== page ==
How COVID-19 Can Affect the Kidneys

Many people are aware that COVID-19 can cause dangerous lung problems. However, COVID-19 can also affect other organs, including the kidneys. If that is the case, patients might need kidney replacement therapies such as dialysis while they are being hospitalized for COVID-19.

Why the Kidneys Are Important

The kidneys perform several important functions. By producing urine, they help regulate fluid in your body, making sure your blood can flow with enough pressure. They also regulate the balance of certain minerals and other substances in your blood. Additionally, the kidneys filter away normal toxins created in the body, passing them safely through your urine.

COVID-19 and the Kidneys

Kidney Damage With COVID-19
 Verywell / Ellen Lindner

In some people with severe cases of COVID-19, the disease damages the kidneys. Doctors call rapid kidney damage like that “acute kidney injury” or “AKI.”

Much is still unknown about how frequently kidney damage occurs. One study found about 5% of patients hospitalized for COVID-19 developed acute kidney injury, but the rate might be higher. People who developed kidney problems from COVID-19 were also more likely to die than people who did not.

Symptoms of Kidney Damage from COVID-19

In addition to what seem to be the most common symptoms of COVID-19—fever and cough—people experiencing kidney damage are more likely to experience the more serious COVID-19 symptom of difficulty breathing.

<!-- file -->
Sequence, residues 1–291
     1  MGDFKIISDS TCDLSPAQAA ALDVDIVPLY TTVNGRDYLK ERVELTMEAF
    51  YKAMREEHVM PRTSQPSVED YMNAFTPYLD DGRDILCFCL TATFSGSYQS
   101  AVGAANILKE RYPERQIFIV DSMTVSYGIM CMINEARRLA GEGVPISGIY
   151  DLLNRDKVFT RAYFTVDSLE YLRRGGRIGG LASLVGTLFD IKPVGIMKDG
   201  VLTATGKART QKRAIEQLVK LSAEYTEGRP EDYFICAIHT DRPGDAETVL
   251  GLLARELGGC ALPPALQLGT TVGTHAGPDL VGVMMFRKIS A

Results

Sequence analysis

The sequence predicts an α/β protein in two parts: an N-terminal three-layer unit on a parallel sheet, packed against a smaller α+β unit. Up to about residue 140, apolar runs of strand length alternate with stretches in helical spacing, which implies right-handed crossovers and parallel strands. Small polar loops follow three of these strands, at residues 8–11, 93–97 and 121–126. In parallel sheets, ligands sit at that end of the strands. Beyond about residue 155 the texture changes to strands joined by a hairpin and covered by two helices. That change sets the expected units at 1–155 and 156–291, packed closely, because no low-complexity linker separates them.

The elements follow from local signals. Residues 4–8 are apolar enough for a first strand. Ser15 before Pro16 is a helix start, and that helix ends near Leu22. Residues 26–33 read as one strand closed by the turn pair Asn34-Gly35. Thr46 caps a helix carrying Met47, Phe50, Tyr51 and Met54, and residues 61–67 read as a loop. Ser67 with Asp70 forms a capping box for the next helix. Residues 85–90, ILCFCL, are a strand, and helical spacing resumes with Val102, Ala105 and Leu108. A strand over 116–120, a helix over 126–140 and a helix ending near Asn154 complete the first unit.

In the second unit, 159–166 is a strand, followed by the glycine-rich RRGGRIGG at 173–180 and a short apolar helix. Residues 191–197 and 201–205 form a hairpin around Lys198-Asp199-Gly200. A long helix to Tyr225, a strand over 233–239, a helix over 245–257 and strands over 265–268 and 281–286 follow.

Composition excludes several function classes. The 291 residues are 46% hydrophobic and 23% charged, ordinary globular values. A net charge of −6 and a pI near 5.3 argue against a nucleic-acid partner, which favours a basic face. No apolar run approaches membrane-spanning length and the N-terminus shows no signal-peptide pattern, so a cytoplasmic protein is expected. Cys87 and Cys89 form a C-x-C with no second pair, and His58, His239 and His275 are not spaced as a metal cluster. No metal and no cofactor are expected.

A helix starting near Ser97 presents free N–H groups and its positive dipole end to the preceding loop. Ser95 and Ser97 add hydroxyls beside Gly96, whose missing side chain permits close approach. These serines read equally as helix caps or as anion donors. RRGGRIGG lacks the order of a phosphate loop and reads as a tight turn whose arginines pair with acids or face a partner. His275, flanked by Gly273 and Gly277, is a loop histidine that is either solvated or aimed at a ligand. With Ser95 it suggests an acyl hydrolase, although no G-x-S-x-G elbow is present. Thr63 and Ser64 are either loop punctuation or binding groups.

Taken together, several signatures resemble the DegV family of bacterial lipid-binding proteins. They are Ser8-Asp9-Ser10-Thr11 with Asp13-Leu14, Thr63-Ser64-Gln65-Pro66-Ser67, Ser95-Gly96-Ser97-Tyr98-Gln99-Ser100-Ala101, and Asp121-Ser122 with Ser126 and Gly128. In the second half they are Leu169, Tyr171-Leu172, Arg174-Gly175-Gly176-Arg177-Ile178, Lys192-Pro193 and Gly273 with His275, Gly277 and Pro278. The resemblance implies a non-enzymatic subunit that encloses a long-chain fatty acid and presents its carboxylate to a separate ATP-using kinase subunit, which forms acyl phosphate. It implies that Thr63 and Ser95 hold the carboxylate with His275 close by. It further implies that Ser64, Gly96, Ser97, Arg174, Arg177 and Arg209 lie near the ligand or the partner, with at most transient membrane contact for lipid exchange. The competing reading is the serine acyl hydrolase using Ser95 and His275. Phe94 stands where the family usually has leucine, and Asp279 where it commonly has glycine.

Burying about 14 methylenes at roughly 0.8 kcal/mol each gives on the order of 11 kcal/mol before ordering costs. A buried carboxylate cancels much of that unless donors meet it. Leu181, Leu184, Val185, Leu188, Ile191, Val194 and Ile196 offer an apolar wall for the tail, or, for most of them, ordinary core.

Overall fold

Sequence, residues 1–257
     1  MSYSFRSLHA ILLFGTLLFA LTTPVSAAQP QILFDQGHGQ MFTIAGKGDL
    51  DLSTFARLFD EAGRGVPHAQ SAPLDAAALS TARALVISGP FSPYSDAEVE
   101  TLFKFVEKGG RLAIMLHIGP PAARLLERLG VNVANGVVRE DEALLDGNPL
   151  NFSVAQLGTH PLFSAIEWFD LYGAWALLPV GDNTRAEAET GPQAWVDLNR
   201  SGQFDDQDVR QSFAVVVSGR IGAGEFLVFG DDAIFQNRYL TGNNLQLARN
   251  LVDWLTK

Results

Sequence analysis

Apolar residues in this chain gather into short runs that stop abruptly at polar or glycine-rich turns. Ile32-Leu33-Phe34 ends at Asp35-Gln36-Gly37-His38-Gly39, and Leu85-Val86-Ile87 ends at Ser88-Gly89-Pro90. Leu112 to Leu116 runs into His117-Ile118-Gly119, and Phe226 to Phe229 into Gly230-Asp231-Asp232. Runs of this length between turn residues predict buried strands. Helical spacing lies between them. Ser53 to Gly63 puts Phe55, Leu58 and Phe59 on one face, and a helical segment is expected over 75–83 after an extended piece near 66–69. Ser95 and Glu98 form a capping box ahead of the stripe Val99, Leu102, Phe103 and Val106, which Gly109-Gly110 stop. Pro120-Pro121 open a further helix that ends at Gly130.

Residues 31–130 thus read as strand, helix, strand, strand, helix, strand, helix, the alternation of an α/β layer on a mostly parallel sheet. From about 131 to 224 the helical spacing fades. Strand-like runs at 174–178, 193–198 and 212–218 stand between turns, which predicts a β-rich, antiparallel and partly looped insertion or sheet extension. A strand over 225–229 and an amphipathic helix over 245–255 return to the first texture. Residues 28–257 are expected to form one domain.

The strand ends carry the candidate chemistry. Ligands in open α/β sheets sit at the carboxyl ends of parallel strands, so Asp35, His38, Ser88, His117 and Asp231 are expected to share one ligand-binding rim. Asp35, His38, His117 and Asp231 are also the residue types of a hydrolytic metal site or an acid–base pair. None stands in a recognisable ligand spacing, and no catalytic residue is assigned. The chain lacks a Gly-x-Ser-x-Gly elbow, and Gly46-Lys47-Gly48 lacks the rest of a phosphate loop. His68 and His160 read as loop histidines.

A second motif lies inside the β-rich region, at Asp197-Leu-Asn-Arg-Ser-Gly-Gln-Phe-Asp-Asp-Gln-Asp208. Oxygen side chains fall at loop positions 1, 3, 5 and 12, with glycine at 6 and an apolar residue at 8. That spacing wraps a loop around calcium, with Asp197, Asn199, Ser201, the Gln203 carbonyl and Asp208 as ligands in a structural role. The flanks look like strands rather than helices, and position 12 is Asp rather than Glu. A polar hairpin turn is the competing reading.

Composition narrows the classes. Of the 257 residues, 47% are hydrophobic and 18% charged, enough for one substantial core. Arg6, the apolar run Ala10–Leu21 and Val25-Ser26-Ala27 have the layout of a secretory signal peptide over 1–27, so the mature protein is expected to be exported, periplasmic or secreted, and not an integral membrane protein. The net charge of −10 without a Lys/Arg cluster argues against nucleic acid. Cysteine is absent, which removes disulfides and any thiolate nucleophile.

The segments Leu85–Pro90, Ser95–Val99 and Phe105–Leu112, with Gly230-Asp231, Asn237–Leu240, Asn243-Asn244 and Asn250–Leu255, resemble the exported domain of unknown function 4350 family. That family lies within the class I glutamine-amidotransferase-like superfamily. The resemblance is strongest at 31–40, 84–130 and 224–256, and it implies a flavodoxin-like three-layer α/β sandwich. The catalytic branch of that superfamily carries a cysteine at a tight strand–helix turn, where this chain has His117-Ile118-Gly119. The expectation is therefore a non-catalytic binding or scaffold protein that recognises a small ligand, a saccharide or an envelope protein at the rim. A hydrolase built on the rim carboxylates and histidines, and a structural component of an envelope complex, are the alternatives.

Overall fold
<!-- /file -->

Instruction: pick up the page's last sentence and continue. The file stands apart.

Because COVID-19 does not damage the kidneys in most people, most infected people will not have any symptoms from kidney issues.

Kidney damage itself is unlikely to cause symptoms until it is severe. Once it becomes severe, a person may experience:

  • Infrequent urination
  • Swelling of extremities
  • Nausea
  • Vomiting


Researchers are still learning a lot about how COVID-19 causes kidney damage in some people. They do know that other types of coronaviruses, such as those that caused the Middle East respiratory syndrome (MERS), also have the ability to damage the kidneys. Some potential causes include:

  • Direct kidney cell damage from COVID-19
  • Cytokine storm: An exaggerated maladaptive immune response that happens in some people with COVID-19
  • Dehydration: If someone has been sick from COVID-19 for several days and hasn't been drinking enough

Diagnosis of Kidney Damage from COVID-19

Many people with COVID-19 can manage their symptoms at home. However, if you need to be seen at the hospital, doctors will check you for signs of kidney damage, along with other assessments.

Any kidney damage will be revealed in routine blood work as a component of a basic metabolic panel. This includes values of blood urea nitrogen and creatinine, which give information about how well your kidneys are functioning.

Depending on the situation, other tests may be needed, like an analysis of your urine, kidney imaging, or kidney biopsy.


If a person doesn’t have severe kidney damage, medications may provide enough support. For example, diuretics might help get rid of excess fluid that the kidneys aren’t eliminating. Other medications might be used to fix abnormalities in electrolytes, like potassium, that can occur in people with kidney disease.

However, if kidney damage is severe, the patient will probably need support in an intensive care unit (ICU). Medical professionals will closely monitor an individual’s vital signs like blood pressure and the amount of oxygen present in their blood. A person might need to receive intravenous fluids. People not breathing well may need artificial ventilation.